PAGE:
Creating new solutions for end of life care
With Guy's & St. Thomas' Charity, London, UK
Everybody deserves great support for themselves and for their families at the end of their lives. This doesn’t always happen. Working with Guy’s and St Thomas’ Charity, we set out to bring together end of life care experts with members of the community to mobilise a new vision for ‘better endings’.
in England in 2013 did not receive any palliative care.
predicted increase in the demand for end of life care support in Lambeth and Southwark by 2030.
“It seemed to me like there was a lack of humanity in the process right from the start. There didn't seem to be anybody that he felt he could ask questions to, it was a medical process that he just had to wait for and in the meantime there didn't seem to be any physical monitoring of the situation or anybody to talk to or give him advice.” Bereaved daughter
Research on end of life care in the UK makes for grim reading. It tells us that too many people die in unsettling environments, surrounded by the wrong people. Too many people die lonely and afraid, unable to access any appropriate support and care. And for too many, some of the most precious days of their lives are spent marking time, simply waiting for the end to come. Current ‘outcome measures’, such as whether someone dies in their ‘preferred place of death’ obscure much of the lived experience of people that are dying, and their loved ones. It doesn’t tell us how they feel, what’s important to them or how they want to be supported.
“Most of what we most value in life — love, friendship, respect, recognition, care — comes from relationships … People die well when they are supported by relationships with people who care for them and provide their lives with a sense of meaning.” Jake Garber and Charles Leadbeater
Inspired by the policy pamphlet Dying for Change (2010) by Charles Leadbeater and Jake Garber, Better Endings was a programme thoughtfully brought to life by Innovation Unit working with experts from within and beyond the clinical and professional care systems. Focused in South London, we started by listening to people living and dying in Lambeth and Southwark and hearing about their experience of death, dying and loss.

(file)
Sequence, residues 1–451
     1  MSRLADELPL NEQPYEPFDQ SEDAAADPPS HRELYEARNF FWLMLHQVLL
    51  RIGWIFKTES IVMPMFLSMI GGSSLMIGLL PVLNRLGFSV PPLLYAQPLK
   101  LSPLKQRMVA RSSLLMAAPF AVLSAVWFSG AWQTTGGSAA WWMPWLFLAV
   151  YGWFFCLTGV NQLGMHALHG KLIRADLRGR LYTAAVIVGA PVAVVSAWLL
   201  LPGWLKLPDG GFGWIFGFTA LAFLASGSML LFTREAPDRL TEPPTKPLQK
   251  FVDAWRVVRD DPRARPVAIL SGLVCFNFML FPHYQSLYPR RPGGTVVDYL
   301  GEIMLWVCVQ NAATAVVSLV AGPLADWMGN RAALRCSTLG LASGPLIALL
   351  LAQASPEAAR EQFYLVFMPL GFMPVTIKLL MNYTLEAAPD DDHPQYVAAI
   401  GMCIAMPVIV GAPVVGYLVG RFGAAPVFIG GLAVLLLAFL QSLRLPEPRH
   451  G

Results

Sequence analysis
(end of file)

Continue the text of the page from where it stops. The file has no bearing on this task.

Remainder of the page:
“Death and dying have become the business and the responsibility of professionals and society and the public don’t recognise their role or their opportunities to influence it in the way that they might have done historically.” Heather Richardson
to bring together a fresh new group of people to think, design and test radically new approaches.
people involved in exploring opportunities and developing solutions.
prototype solutions developed and tested on the ground.
During 2017, we created a space for a diverse, expert group to come together and think differently, supporting them to design and prototype new solutions for better endings. We involved over 200 people: clinical and care professionals, commissioners and policy-makers, voluntary and community organisations and people with experience of living and dying in Southwark and Lambeth.
- Respond to people’s needs and wishes in a more holistic sense, addressing social, emotional and practical needs as well as clinical needs
- Create the conditions for people (and their loved ones) to feel both individually empowered and well-supported by great human relationships
- Reach out to people who are especially disadvantaged by our current arrangements (and may be at risk of having no care and support at end of life)
- Draw on a much wider pool of knowledge, experience and capability to support people
- Illustrate different ways of thinking about power; capabilities and expertise; risk and uncertainty; and managing pain and discomfort in pursuit of better experiences for people.
Though the programme ended in December 2017, both Coach4Care and Ripples are being taken forward in different settings and with different partners.
Whilst Better Endings focused on South East London, the insights we surfaced and approaches we developed should be of much-wider interest. We want to be part of a growing movement for change in the way we think about and behave around death and dying.